" ... [T]he right of the people to keep and bear Arms, shall not be infringed."

    You left out the dependent clause that precedes the independent clause and that gives the right to gun ownership context:

    "A well regulated Militia, being necessary to the security of a free State ..."

    You don't see many militias in America these days, at least none sanctioned by law. Many people believe that absent the context of militias, the argument for individual gun ownership or at least the opposition to strict controls fails.

    Why would you misrepresent the text of the Constitution?

    January 12, 2011 at 12:44 pm |
  2. Sherri- Texas

    Loughner made a reference to Drowning Pool's punk-rock video, "Let the Bodies Hit the Floor" which has a man being administered a lethal injection, while maintaining,"Nothing's wrong with me." Other lines are," Can't take much more, push me again this is the end, skin on skin blood on bone, you're by yourself but you're not alone. You wanted in, now you're here, let the bodies hit the floor. Hey..Go!"

    January 12, 2011 at 1:41 am |
  3. Ethel Holmes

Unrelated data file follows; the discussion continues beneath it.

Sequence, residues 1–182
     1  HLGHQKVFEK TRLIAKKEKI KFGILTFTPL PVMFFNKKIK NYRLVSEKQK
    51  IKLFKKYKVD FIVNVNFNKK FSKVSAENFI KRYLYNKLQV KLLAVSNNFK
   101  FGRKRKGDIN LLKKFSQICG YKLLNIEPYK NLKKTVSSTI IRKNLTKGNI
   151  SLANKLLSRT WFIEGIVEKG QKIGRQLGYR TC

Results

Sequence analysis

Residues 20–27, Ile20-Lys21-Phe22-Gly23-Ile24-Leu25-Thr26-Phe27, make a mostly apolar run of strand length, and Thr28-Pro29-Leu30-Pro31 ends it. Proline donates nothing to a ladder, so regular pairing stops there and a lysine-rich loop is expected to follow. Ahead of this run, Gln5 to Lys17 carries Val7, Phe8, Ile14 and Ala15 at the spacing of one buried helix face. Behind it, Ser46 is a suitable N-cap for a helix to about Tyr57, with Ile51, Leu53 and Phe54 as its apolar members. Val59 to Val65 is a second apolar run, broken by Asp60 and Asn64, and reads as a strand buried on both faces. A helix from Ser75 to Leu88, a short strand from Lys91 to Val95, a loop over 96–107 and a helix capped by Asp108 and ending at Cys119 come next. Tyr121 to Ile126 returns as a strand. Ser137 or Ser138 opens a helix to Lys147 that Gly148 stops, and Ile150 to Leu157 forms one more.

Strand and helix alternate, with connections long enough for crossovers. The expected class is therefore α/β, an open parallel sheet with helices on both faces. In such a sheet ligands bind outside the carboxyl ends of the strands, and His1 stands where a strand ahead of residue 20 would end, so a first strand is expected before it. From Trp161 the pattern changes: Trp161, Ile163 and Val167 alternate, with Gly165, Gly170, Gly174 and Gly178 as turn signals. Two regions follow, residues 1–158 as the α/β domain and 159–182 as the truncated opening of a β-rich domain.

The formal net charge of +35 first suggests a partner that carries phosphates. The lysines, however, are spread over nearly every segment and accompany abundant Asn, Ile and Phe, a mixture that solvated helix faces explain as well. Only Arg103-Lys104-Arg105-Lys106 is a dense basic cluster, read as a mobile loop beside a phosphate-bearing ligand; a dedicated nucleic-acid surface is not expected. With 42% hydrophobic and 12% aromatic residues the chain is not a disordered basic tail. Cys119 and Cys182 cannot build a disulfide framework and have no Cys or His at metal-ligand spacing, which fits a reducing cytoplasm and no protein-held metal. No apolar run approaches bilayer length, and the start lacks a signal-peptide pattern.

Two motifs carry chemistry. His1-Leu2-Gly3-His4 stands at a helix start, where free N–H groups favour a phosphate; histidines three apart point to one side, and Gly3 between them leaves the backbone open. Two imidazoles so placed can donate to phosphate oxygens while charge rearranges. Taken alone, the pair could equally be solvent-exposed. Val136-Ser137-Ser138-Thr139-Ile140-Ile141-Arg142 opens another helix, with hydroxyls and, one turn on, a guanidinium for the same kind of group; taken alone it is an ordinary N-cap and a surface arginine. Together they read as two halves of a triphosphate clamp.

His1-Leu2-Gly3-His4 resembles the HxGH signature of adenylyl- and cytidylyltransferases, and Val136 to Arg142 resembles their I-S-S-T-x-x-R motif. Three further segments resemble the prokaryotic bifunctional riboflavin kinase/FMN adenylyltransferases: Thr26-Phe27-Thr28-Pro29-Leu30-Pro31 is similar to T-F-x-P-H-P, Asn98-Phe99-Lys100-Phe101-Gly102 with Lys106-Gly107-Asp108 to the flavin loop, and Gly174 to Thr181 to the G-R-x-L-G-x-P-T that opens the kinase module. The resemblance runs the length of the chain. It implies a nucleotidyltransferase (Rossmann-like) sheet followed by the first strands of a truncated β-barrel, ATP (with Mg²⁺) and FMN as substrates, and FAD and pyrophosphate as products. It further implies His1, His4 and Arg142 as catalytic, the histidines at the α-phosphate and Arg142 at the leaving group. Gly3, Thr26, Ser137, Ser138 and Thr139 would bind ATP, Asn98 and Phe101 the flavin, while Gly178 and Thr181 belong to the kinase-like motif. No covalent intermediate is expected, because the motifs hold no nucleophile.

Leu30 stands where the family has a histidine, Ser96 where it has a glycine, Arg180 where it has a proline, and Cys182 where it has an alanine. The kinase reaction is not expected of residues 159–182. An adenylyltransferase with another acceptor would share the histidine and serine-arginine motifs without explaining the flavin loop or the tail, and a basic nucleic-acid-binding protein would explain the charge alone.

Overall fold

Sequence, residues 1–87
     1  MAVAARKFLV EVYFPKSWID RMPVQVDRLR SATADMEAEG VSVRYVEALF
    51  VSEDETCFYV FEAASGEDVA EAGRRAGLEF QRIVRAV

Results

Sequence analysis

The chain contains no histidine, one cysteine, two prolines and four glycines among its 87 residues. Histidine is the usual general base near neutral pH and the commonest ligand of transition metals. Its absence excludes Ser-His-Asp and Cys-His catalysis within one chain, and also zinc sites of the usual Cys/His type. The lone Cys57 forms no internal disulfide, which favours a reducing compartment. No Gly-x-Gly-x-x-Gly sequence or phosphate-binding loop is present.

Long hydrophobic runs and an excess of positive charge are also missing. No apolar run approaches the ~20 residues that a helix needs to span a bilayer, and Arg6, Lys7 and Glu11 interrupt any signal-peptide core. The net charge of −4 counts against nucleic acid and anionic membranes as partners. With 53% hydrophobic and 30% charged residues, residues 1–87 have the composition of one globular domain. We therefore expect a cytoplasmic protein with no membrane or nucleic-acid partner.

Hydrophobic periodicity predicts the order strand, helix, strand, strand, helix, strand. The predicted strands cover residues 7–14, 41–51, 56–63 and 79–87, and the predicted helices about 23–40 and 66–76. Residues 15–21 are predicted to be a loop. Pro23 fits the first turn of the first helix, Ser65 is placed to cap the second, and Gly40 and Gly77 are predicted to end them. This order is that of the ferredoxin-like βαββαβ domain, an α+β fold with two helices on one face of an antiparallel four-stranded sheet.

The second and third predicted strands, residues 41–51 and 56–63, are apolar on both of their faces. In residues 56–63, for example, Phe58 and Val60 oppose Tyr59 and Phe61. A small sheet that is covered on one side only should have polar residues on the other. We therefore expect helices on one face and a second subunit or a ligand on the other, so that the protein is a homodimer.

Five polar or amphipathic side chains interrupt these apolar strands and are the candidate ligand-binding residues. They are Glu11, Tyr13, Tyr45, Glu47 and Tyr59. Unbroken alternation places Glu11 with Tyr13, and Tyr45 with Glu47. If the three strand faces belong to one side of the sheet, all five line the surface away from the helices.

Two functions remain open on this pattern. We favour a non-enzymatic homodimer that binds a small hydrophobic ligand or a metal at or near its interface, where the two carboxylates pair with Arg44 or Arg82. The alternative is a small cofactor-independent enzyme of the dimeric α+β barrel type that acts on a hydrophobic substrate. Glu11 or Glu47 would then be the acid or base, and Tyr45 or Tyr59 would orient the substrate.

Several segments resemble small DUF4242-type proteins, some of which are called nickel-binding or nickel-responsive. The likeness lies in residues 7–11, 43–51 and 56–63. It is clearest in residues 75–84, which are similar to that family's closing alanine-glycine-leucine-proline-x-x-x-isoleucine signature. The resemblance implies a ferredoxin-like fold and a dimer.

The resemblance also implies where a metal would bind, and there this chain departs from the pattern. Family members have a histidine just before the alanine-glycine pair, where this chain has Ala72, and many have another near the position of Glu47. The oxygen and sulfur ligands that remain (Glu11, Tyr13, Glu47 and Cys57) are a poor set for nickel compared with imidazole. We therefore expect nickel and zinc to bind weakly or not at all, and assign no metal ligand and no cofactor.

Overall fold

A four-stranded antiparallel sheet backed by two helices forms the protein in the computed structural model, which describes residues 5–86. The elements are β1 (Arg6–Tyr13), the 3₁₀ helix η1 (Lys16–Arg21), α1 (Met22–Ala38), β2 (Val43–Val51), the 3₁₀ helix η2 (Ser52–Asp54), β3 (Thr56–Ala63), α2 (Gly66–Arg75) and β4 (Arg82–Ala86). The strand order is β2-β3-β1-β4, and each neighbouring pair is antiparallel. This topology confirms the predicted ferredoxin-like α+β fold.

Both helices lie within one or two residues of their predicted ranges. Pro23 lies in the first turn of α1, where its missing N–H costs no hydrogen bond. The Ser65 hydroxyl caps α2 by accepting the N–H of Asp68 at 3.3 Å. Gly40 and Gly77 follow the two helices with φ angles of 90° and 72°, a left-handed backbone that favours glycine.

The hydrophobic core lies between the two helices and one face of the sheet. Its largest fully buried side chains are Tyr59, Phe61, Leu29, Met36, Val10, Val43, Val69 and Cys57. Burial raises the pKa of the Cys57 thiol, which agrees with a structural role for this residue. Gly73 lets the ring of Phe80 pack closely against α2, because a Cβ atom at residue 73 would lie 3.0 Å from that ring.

I do not think President Obama should use his speech to point fingers. However, I believe after we find out the prognosis of all of the injured and the fatally wounded have been laid to rest, there needs to be some finger pointing and tongue lashings, to both sides. I was at a meeting with a congressman and the subject of gun control came up. A person asked about gun control, since we have so many gun crimes and murders in KC. His response, "There is no guarantee no matter your job". Either quit or tough it out. Congress should do the same. I agree with the constitution that we all have the right to bear arms, however, when the constitution was written, I do not believe the framers could imagine the kind of gun weaponry that is on our streets today. There is a stupidity (or greed) that too many congresspersons adhere to. Come on, I'm over seventy and I believe the framers of the constitution expected our elected officials to uphold the constitution, but with some sense to adapt it accordingly. According to a good many of them, we should not avail ourselves of indoor plumbing, travel in motorized transports, have anything but woodburning stoves, etc. After all we did not have these amenities when the Constitution was written. Come on people! Start electing people to Congress who are not greedy with hands out to lobbyists, do not lie to their constituancy, and have the United Stataes and it's people as their only priority.

    January 11, 2011 at 11:01 pm |
  4. Wayne Kerr

    Message to President Obama And Anderson Cooper

    Sirs,
    I believe it is time for the American public to be re:educated on their constitution. It should be taught that "The right to bear arms" really means you have the right to roll up your sleeves and get down to work. This might help with the public killings and the welfare rolls as well. I wish you all the best of luck in stemming the tide of bipartisanism and the flow of blood in tour great nation.

    Wayne K. (in Canada)

    January 11, 2011 at 5:19 pm |